Triangle Service’s DeltaZeal Landing on Steam This Week

Triangle Service may not have one of the bigger library of shooters but every single one is a little gem waiting to be discovered.  DeltaZeal is a remake of a pre-Triangle Service game by the company founder titled G-Stream G2020, initially getting its second chance at life on the Xbox 360 Shooting Love 10th Anniversary collection and now about to be released for the first time as an easy acquisition in countries that don’t happen to be Japan.  It comes out this Friday, 10/16, either as a single purchase or bundled together with XIIZeal (which is an updated remake of the excellent XII Stag) and soundtracks for each in the Shooting Love Anniversary Edition.  It may look a little dated but there’s a lot of excellent gameplay going on under DeltaZeal’s 32-bit hood.

There are two obvious systems and a third less-obvious one all tied together to make each run of DeltaZeal different.  The power-up system is fueled by a 10-spot gauge at the bottom of the screen, boosting the three potential guns on the ship.  Spread is a wide shot, laser is thin and focused, and missiles home in on enemies, and you can have as many of each as you want so long as you don’t mind neglecting the other two.  Dropped power-ups cycle through red, green, and blue, and the color you grab fills in a spot on the gauge and boosts one of the three weapons.  Getting all ten spots red mans the spread gun is super-powerful at the expense of no laser or missiles, or you can balance the weapons as necessary.  Most enemies drop a gem when destroyed, and catching it starts a chain where the next one is worth more, starting at 10 points and quickly cycling up to 1,000.  Bombs and the special Black Hole weapons convert firepower to gems as well, although they don’t get added to the scoring chain, and a massive burst of enemy firepower converted to 10-point gems feels like self-inflicted highway robbery.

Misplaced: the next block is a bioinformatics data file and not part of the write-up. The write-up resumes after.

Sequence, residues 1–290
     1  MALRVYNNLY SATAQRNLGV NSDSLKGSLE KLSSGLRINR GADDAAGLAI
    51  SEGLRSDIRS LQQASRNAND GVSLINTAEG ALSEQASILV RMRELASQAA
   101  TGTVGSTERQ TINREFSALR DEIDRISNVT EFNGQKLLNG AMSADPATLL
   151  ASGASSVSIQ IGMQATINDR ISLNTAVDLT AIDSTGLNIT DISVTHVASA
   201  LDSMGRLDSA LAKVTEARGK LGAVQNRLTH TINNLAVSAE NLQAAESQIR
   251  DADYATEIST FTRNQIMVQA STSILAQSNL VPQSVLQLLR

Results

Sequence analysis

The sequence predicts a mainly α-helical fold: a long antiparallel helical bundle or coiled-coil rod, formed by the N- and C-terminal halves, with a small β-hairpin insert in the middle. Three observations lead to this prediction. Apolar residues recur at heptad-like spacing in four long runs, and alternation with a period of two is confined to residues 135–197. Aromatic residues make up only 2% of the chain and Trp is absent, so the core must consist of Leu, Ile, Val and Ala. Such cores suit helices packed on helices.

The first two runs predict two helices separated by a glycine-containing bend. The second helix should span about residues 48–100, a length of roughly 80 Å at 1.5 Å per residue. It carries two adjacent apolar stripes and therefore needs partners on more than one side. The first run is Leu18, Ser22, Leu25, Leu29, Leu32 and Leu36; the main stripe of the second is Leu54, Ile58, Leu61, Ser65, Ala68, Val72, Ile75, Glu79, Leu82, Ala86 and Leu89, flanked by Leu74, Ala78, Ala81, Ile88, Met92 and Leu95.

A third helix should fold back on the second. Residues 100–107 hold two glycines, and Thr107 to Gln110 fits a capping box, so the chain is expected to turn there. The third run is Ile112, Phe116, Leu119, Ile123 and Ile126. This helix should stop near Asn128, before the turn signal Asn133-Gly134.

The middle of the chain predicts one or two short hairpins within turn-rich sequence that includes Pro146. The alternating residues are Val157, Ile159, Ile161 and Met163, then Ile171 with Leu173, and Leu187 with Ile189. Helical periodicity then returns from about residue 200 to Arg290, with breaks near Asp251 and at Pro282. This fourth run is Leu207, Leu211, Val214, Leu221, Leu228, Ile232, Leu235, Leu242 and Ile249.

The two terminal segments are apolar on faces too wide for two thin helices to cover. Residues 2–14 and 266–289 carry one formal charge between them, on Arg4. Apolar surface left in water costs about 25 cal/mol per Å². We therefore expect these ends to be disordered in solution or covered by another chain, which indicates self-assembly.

The final system is the one that gives Delta Zeal its longevity, and that’s its hidden paths and challenges.  Level 1, for example, can be very short, and the first time you play you’ll probably reach the boss almost before you’ve started.  Hidden paths and even a mini-boss expand its length, however, if only you can shoot fast and well enough to earn them.  It makes for a shooter where each play has the chance for something new and frequently delivers, leading to easy replayability as you try to chain score gems and extended levels into a hard-won leaderboard spot.  DeltaZeal deserves a far bigger audience than its had access to so far, and with the pending Steam release it should hopefully get the shooting love it deserves.